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## The Data Link Layer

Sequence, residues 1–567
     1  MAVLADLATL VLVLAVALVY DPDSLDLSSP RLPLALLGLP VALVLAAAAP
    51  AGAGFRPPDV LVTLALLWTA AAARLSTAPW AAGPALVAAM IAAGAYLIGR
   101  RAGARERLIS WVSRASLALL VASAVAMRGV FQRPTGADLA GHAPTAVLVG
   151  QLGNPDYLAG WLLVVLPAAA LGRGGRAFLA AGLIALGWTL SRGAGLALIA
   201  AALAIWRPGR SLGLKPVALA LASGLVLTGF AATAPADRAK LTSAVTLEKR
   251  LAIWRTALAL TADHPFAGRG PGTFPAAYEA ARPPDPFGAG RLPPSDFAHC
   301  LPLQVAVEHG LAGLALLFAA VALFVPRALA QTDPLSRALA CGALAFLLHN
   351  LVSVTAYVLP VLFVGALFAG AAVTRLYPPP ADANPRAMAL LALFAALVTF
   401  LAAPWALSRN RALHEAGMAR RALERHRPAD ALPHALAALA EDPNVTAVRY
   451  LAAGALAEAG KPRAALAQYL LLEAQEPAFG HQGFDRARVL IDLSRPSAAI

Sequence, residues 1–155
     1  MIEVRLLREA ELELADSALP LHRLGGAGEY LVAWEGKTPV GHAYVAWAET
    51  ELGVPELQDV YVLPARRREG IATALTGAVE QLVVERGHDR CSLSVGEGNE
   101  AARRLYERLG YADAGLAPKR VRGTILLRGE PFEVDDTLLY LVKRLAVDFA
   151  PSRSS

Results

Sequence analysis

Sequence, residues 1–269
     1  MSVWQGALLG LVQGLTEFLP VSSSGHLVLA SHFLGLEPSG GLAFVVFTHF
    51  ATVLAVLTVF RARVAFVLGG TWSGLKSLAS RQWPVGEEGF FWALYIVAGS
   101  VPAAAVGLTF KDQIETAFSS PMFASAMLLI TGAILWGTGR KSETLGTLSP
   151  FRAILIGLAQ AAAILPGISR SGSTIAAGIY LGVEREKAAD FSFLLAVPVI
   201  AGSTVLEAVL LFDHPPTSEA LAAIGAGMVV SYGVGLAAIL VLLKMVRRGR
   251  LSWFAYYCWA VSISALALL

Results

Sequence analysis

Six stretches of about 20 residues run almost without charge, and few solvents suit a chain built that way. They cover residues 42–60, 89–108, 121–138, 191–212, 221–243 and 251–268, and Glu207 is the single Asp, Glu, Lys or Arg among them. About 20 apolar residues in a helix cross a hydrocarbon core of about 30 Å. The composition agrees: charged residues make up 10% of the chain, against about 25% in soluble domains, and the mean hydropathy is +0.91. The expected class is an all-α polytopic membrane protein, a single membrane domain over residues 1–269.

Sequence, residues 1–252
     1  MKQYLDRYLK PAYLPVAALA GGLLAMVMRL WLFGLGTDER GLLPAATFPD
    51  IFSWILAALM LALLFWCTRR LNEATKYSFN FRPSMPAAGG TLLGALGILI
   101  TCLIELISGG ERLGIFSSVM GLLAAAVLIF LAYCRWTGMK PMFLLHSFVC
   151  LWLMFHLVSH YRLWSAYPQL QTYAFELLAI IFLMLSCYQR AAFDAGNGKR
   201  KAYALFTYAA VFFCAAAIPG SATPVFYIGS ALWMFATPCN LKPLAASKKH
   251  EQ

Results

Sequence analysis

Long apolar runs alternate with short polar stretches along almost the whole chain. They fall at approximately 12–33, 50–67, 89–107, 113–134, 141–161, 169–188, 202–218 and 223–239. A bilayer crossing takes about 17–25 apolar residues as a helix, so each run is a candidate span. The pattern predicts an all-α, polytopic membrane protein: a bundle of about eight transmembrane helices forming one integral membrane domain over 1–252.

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**The Data Link Layer**Chapter 3**Data Link Layer**• Algorithms for achieving reliable, efficient communication between two adjacent machines. • Adjacent means two machines are physically connected by a communication channel that acts like a wire (bits are delivered in exactly the same order in which they are sent)**Data Link Layer Design Issues**• Services Provided to the Network Layer • Framing • Error Control • Flow Control**Functions of the Data Link Layer**• Provide service interface to the network layer • Dealing with transmission errors • Regulating data flow • Slow receivers not swamped by fast senders**Functions of the Data Link Layer (2)**Relationship between packets and frames.**Services Provided to Network Layer**(a) Virtual communication. (b) Actual communication.**Services Provided to the Network Layer**• Unacknowledged Connectionless Service • Acknowledged Connectionless Service • Acknowledged Connection-oriented Service (Three phases) · Connection establishment · data transfer · disconnection**Services to Network layer (1)**• Unacknowledged connectionless service • No connection required and without acknowledgement for data frames • Appropriate for low error rate and real-time traffic • Error recovery is up to higher layer**Services to Network layer (2)**• Acknowledged connectionless service • No connection required but each frame is individually acknowledged • Useful for unreliable channel, such as wireless systems. • Transport layer may do message recovery but is more expensive than frame recovery at data link layer**Services to Network layer (3)**• Acknowledged connection-oriented service • Guarantee error-free and in sequence delivery of data frames • Consists of three phases • Connection set up (variables and buffers initialization) • Data frame transmission • Connection termination (free of variable and buffers)**Services Provided to Network Layer (2)**Placement of the data link protocol.**Framing**Break bit stream from physical layer into frames for error detection and recovery. Four framing methods • Character count • Flag bytes with byte (character) stuffing • Starting and ending flags, with bit stuffing • Physical layer coding violations**Framing Approaches (1)**Character Count • Indicate the frame boundary by frame length • Once an error, frame boundary cannot be recognized and thus recovery is impossible.**Framing Approaches (1)**A character stream. (a) Without errors. (b) With one error.**Framing Approaches (2)**Flag bytes with byte stuffing (character stuffing) • Delimit the frame by flag bytes • Prevent frame boundary from appearing at the data content by character stuffing. • Character Stuffing: inserting ESC ahead of accidental flag byte within the data content.**Framing Approaches (2)**(a) A frame delimited by flag bytes. (b) Four examples of byte sequences before and after stuffing.**Framing Approaches (3)**Starting and ending flags, with bit stuffing • Begin and end with a flag byte “01111110” • Prevent a flag from appearing in data by bit stuffing. • Bit stuffing: inserting 0 after five continuous bit “1” data appear.**Framing Approaches (3)**6 consecutive 1’s 5 consecutive “1” + 1 “0” Bit stuffing (a) The original data. (b) The data as they appear on the line. (c) The data as they are stored in receiver’s memory after destuffing.**Framing Approaches (4)**Physical Layer Coding Violations. • Used when physical layer encoding contains redundancy • Example: 01 (H), 10 (L) then 00 or 11 can be used to delimit a frame. Note: One or more combination of the approaches may be used to provide extra protection for framing.**1**0 0 0 violation violation Neutral versus bipolar bit streams. (a) Alternate 1’s and 0’s transmitted in a neutral mode. (b) Equivalent in a bipolar mode. (c) Framing by coding violation.**Error Control**• Need mechanisms such as • Acknowledgement or NACK • Timer • Retransmission • Sequence numbering Ack Timer Retransmission Sequence numbering**Flow Control**• When receiver processes frames slower than the sender, congestion occurs. • Needs some feedback to prevent sender from sending faster than the receiver can process.**Error Detection and Correction**• Error-Correcting Codes • Error-Detecting Codes**Data**Redundant**Error Correcting Code**• Codeword = Data + Check-bit • n-bit codeword = m data bit + r check-bit • 2m out of 2n are legal • Hamming distance = The minimum number of bit positions in which two codewords differ. • H = d+1 --> detect d errors; • H = 2d+1 --> correct d errors.**Error-Correcting Codes**• Parity bit: • detect single bit error and H = 2. • Example of H = 5 d = (5-1)/2 = 2 • 0000000000 • 0000011111 • 1111100000 • 1111111111 • 0000000111 ==> two bit errors in 0000011111 • 0000000011 ==> three bit errors in 0000011111 but be corrected to be 0000000000 Out of Correcting Capability**Error Correcting Codes**• Correcting single bit error of n-bit codeword requires (m + r + 1) < 2r (lower bound for r) • n + 1 bit patterns dedicated to one codeword ==> (n+1)2m< 2n and n = m + r n Each 2m legal message requires n+1 bit patterns dedicated to it. N possible bit patterns at a distance 1 from it**Hamming code**• Achieve lower bound of r • The codeword is numbered consecutively starting from left end as 1. • The bits of powers of 2 (1,2,4,8,…) are check bits; the rest (3,5,7, …) are filled with m data bits. • A check bit forces the parity of some collection of bits, including itself, to be even (or odd).**Hamming Code (2)**• A bit is checked by just those check bits occurring in its expansion (e.g., bit 11 is checked by bits 1,2, and 8) • Checking algorithm • Initialize counter == 0 • Examine all check bits • If check bit k is error, add k into the counter. • After all check bits are checked, the counter contains the number of the incorrect bit.**ASCII**1100001 1 2 3 4 5 6 7 8 9 10 11 Transmitting 1 0 1 1 1 0 0 1 0 0 1 Bit 1 0 0 0 1 2 0 0 0 0 3 0 0 1 1 4 0 1 0 0 5 0 1 0 1 6 0 0 0 0 7 0 0 0 0 8 1 0 0 0 9 0 0 0 0 10 0 0 0 0 11 1 0 1 1 0 0 0 0 If received 1 1 1 1 1 0 0 1 0 0 1**error**If error occurs 0 0 0 1 0 0 1 0 0 0 1 1 0 1 0 0 0 1 0 1 0 0 0 0 0 0 0 0 1 0 0 0 0 0 0 0 0 0 0 0 1 0 1 1 0 0 1 0 Error in second bit!**Error-Correcting Codes**Use of a Hamming code to correct burst errors.**Error Detecting Code**• Parity code • detect single or odd # of bit errors • detect burst error of n-bit by matrix checksum on each column of n-bit wide and h-bit high data and put the checksum at the h+1 row. • Cyclic redundancy code • Polynomial code • Using Exclusive OR in addition and subtraction.**CRC Algorithm**• Shift M(x) left by r bits (r is the degree of G(x). • Divide xrM(x) by G(x) • Subtract xrM(x) by the remainder in last step to obtain the checksumed frame to be transmitted, T(x). • T(x) is divisible by G(x)**CRC Error Check**• Receive T’(x) • Divide T’(x)/G(x) • if no remainder, the frame is accepted • if yes, error is found. • T’(x) = T(x) + E(x) • T’(x)/G(x) = T(x)/G(x) + E(x)/G(x) = E(x)/G(x)**Error Detection of CRC**• Single bit error: E(x) = xi • Not divisible by G(x) if G(x) has more than one term. • Double bit Error: E(x) = xi + xj = xj(xi-j +1) • Low degree polynomials the give protection to long frames are known. • E.g., will not divide for any k < 32768 • Odd # of bits in Error: • No polynomial with odd No. of terms contain a factor of (x+1) • if G(x) contain (x+1), indivisible for any odd No. of errors.**Error Detection of CRC (2)**• Detect all errors of length < r, if the degree of G(x) is r. • Undetectable error of r+1 bit (the first and the last of the r+1 bits must be 1) with prob. 1/2(r-1) (r+1-2 intermediate bits) • Undetected error of longer than r+1 bits with prob. 1/2r • Example of G(x) • CRC-12 = x12+x11+x3+x2+x1+1**Error-Detecting Codes**Calculation of the polynomial code checksum. Message Checksum**General Implementation of the Polynomial Code Checksum by**Shift Register and Adder ……. + + + + +**(No Ack, No Sequence #)**(with Ack) Re-transmission**Data Link Protocols**• ARQ: Automatic Repeat reQuest • Timer • Acknowledgement • Sequence number • Retransmission • ARQ must handle • Garbled frames • Lost frames • Lost acks • Duplicate frames**Complicate Issue in Full-Duplex**• Both sides (A and B) can send data simultaneously. • Intermix ack and data frame in each direction by piggybacking. • How long can an ACK hold before is sent?**Sliding Window Protocols**• Each outbound frame contains a sequence number, ranging from 0 to 2n - 1 for n-bit field. • Sender keeps a sending window • represent the frames with the sequence numbers in the list that are sent but as yet not acknowledged. • Receiver keeps a receiving window • Represent the acceptable frame sequence numbers.